Can you post or PM the relevant bit of the paper and I will see what I can dig up about how it fits in.


Romsek is good to have on your side, he has been helpful to me.


[aside question] Can I use MathML or Latex in the Physics section again yet?


Gosh, looking back I see I last answered a question about Fourier Transforms here back in 2015
and I mentioned a couple of those books then.
 
Last edited:

topsquark

Forum Staff
Jan 2006
11,565
3,453
Wellsville, NY
Which is why I am trying to determine your application. I have no experience of topological views of these transforms (on manifolds), but there is some stuff about FT of Generalised Functions of topological manifolds.

EG Fourier Analysis in several Complex Variables

Ehrenpreis





The term Fourier transform has some variability in usage, some use it for a whole class of transforms including Laplace etc.


The extract was from a standard text on operational mathematics by Churchill.


Another reference I do not have is


Generalized Integral Transformations
by


Zemanian


Can you post or PM the relevant bit of the paper and I will see what I can dig up about how it fits in.


Romsek is good to have on your side, he has been helpful to me.


[aside question] Can I use MathML or Latex in the Physics section again yet?


Gosh, looking back I see I last answered a question about Fourier Transforms here back in 2015
and I mentioned a couple of those books then.
Thanks for the references.

Yes, you can use LaTeX on PHF. The tags are math, not tex.

I'll post the whole paper. What I am looking for is near the top of page 2. Another clue here is probably what the paper refers to as "Pontryagin duality theory." I would look up the authors' pervious paper but I don't have a journal library nearby. I haven't yet got to searching for the Pontryagin duality but I have noted that (so far) I am understanding most of the rest of what I've read (up to and including section 2) so there's no major hurry.

Thanks!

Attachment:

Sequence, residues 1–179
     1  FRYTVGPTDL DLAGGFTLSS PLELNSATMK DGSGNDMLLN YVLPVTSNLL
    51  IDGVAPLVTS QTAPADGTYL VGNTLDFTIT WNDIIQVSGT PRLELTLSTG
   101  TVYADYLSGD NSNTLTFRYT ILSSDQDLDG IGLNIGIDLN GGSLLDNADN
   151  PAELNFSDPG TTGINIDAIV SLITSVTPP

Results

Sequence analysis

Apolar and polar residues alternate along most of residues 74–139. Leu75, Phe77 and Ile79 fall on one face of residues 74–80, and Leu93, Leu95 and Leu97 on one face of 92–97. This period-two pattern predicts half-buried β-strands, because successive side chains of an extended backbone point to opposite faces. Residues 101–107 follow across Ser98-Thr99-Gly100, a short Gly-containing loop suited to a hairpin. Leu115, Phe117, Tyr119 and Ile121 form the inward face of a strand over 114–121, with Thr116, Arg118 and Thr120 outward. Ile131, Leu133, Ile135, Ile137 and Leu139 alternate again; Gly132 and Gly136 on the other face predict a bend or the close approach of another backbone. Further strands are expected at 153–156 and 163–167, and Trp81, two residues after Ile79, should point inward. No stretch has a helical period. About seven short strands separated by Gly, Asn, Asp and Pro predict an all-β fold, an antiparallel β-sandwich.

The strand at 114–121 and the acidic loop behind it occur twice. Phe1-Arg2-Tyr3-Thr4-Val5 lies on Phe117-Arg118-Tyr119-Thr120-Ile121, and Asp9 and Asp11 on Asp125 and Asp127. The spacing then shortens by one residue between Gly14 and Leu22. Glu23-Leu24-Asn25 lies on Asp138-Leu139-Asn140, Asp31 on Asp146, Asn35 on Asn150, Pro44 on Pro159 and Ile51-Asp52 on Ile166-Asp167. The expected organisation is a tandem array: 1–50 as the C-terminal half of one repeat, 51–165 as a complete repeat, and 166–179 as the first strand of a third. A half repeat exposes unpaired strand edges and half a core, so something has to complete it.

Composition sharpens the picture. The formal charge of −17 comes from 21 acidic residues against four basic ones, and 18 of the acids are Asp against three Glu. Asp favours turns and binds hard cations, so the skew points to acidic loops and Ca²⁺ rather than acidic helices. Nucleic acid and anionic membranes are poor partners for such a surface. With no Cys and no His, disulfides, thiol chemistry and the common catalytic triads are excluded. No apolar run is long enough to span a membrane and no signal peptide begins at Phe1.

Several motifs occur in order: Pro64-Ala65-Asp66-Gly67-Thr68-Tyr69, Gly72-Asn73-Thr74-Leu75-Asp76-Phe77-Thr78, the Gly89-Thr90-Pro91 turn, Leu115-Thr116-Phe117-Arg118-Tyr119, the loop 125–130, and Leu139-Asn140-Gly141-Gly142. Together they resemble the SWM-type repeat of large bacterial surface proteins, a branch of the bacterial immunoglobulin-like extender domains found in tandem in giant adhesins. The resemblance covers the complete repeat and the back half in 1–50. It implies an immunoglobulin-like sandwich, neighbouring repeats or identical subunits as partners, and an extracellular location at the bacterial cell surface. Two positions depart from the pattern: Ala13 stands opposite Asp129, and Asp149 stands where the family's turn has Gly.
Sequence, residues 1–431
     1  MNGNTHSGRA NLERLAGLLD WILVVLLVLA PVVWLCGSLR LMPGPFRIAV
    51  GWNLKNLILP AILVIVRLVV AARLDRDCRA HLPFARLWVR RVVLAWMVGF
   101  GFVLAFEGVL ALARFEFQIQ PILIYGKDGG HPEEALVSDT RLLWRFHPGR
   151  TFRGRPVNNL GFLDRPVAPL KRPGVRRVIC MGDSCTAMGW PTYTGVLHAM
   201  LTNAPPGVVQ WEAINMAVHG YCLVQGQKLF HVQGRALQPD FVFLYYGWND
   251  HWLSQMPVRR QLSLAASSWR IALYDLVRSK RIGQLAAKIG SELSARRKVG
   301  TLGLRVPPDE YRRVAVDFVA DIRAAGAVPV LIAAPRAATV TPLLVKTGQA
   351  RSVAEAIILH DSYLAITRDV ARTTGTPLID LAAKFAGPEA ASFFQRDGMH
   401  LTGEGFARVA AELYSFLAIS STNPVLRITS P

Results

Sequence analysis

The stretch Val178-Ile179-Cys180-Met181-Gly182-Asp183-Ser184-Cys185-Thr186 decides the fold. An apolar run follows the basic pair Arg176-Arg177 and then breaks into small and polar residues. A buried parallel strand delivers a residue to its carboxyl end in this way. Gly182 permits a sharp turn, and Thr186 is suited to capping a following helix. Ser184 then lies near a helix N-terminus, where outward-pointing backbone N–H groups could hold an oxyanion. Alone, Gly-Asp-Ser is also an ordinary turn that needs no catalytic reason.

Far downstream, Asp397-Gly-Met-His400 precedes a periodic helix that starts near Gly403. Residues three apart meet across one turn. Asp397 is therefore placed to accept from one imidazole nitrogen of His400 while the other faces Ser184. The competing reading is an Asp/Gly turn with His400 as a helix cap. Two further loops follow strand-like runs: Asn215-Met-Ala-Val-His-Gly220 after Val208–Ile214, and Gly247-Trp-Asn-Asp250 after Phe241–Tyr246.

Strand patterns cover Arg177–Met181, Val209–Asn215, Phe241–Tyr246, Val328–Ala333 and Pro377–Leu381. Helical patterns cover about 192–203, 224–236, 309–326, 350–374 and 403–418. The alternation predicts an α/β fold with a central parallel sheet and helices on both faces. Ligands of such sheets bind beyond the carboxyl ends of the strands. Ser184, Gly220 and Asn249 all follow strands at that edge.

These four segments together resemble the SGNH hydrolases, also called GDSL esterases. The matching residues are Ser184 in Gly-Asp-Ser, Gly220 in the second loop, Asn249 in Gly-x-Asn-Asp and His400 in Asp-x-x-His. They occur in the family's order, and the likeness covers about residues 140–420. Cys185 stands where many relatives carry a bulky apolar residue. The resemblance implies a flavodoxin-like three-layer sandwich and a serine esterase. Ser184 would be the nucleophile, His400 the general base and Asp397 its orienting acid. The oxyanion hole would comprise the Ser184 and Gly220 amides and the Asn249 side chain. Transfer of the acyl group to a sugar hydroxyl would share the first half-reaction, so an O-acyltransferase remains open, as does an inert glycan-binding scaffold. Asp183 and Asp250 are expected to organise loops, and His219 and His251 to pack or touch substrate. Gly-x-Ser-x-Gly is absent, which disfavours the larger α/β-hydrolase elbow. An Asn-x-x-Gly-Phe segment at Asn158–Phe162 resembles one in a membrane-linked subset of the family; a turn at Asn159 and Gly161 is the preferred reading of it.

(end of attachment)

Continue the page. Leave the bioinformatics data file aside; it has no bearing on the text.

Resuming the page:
-Dan

View attachment SU(2) sigma.pdf
 
Apr 2015
263
57
Somerset, England
This might actually be Differential Geometry but I'll post it here for now.

I was looking at a paper yesterday about quantization conditions when working on a manifold based on the surface of a sphere. I've never seen that before and it's apparently a lot less intuitive than I would have thought. The paper mentions a "generalized Fourier transform." The best I could do on an internet search is here. But I don't think that's what the paper had in mind because the Wolfram link looks like it's modeled in the usual 3-space, not a more generalized manifold.

Has anyone heard of this? I can quote some sections of the paper if you need it.

Thanks!

-Dan
OK having read the paper, here is my understanding of the situation.

The classic Fourier Transform is based on functions F : R → R and integrals which converge such as the Fourier sine or cosine transforms.

The first level of generalisation was to complex domains which also allowed divergent (infinite) intergals to be taken on board.
This is the level that is mostly used by Physicists and Engineers.
The level allowed the connection to Green's functions and the solution of the simplest forms of Helmholtz equation, amongst other things.

The introduction of Quantum Theory, and in particular the Dirac Delta function necessitated a further generalisation and came at the time of the theory of distributions or generalised functions which supplanted the older real and complex analysis.
The second level came with generalised Green's functions and Helmholtz equations and in theory is more or less the level of generalisation in the paper.

A third level of generalisation came linking Topology and algebra and this is where the Group theory and Noether references arise.

I have about twenty books incorporating the development of these levels and their applications in such wide fields as Functional Analysis, Operational methods, Partial Differential eaqutions, Applied Maths.
Here is a short introduction to the Fourier Transforms of Distributions from one of them on Functional analysis.

genFT1.jpg genFT2.jpggenFT3.jpg